<v Karen Noble Hanson>underrepresented at this time. And I think anybody who is going to govern this city <v Karen Noble Hanson>must have been throughout this community. <v Karen Noble Hanson>Whether it's good in terms of receiving votes or not, must have been throughout <v Karen Noble Hanson>this community in order to truly govern this city in a fair and equitable way. <v Gary Walker>And that is time. Mr. Murray, your topic for a question is <v Gary Walker>safety of teachers and students in our schools. <v Kevin Murray>Ok, I'll ask Bill Johnson. Bill, certainly, if our schools are <v Kevin Murray>going to be effective, we have to makes certain that the students and the teachers <v Kevin Murray>are safe. What types of things would you like to see the city <v Kevin Murray>do together in collaboration with the school district to make our system <v Kevin Murray>safer? <v Bill Johnson>I think it is absolutely imperative that the district's weapons policy <v Bill Johnson>be stringently enforced. <v Bill Johnson>There is no conceivable reason why any child, <v Bill Johnson>any adolescent should be carrying a weapon on the streets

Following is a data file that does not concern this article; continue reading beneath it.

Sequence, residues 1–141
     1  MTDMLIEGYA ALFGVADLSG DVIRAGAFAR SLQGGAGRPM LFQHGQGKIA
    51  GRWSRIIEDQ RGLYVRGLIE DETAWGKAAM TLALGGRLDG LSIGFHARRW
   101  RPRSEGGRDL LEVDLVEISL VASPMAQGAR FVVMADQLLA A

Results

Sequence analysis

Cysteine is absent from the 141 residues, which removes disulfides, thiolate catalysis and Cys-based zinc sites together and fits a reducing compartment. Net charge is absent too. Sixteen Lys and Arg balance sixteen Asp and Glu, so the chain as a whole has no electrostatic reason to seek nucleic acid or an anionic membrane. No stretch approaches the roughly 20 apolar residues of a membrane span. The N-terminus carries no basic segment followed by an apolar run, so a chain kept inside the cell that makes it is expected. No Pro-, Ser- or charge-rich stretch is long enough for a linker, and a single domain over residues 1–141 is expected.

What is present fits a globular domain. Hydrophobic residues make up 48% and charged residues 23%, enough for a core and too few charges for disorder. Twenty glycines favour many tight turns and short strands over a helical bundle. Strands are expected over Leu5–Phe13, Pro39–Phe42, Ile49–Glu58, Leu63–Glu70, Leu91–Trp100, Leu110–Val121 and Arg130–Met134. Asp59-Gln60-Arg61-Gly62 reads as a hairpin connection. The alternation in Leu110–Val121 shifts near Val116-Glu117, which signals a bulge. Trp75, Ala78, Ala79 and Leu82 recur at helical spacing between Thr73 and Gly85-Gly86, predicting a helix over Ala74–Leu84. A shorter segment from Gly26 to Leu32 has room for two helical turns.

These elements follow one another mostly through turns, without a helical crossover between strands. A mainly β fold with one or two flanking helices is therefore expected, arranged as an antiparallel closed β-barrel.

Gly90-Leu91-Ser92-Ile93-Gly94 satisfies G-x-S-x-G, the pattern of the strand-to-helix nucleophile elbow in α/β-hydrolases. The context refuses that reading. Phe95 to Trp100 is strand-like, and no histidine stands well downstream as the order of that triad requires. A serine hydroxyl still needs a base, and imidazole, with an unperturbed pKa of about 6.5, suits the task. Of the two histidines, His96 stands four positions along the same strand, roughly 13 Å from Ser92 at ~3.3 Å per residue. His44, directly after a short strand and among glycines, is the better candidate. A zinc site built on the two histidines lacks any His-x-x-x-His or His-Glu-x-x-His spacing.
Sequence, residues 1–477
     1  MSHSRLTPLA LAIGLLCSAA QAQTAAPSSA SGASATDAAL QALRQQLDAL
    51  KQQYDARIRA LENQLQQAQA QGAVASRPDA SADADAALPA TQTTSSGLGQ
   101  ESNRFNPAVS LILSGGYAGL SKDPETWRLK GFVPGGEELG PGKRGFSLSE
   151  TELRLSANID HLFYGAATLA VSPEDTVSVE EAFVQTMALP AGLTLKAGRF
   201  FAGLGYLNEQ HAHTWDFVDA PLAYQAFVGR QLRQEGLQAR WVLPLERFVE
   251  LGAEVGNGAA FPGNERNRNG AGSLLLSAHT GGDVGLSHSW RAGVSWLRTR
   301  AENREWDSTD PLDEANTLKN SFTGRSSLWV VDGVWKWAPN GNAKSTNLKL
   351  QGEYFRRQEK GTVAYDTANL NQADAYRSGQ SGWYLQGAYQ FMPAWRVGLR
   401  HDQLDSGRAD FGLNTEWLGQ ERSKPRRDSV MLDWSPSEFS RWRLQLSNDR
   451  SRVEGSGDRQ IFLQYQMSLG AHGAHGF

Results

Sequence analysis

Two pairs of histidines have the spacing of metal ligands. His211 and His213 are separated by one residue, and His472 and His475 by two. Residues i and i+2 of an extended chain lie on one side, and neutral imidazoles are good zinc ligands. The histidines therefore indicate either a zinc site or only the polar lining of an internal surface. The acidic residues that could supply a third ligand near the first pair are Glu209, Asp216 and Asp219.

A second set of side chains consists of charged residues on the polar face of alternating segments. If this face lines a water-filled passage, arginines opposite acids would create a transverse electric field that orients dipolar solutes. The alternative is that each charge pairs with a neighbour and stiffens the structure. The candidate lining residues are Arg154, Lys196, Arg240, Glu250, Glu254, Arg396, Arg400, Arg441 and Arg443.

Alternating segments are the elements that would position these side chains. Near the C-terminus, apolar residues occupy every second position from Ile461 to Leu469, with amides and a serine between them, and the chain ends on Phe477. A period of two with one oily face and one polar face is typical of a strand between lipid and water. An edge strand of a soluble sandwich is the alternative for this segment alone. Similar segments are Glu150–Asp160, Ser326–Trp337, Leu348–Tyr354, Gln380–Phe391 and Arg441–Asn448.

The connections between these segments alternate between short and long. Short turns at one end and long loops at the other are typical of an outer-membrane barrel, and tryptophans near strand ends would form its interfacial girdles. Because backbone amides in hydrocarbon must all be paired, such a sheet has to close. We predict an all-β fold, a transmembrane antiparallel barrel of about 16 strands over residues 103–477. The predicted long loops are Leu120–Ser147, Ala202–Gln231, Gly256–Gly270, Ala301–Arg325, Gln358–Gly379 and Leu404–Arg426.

<v Bill Johnson>or in the schools. There is no conceivable reason, and we must make <v Bill Johnson>certain. I heard just on television tonight. <v Bill Johnson>I remember a school board candidate kind of equivocating on this issue. <v Bill Johnson>There is no reason. And I think that is the first thing. <v Bill Johnson>The second thing is that as hard as we have tried and as miserably <v Bill Johnson>as we have failed, we have got to get more effective parental <v Bill Johnson>involvement in the schools. And that is not just mean getting parents <v Bill Johnson>to come to PTA meetings and to Christmas programs, but to <v Bill Johnson>hold parents strictly accountable for the behavior of their children <v Bill Johnson>as early as grade one. <v Bill Johnson>We cannot sit back and allow children's behavior. <v Bill Johnson>We see it. We see children engage in all kinds of behavior and <v Bill Johnson>ignore it until they get into middle school or into high school and then try to address <v Bill Johnson>it. I have outlined a specific proposal to deal with <v Bill Johnson>this by using the existing human service agencies that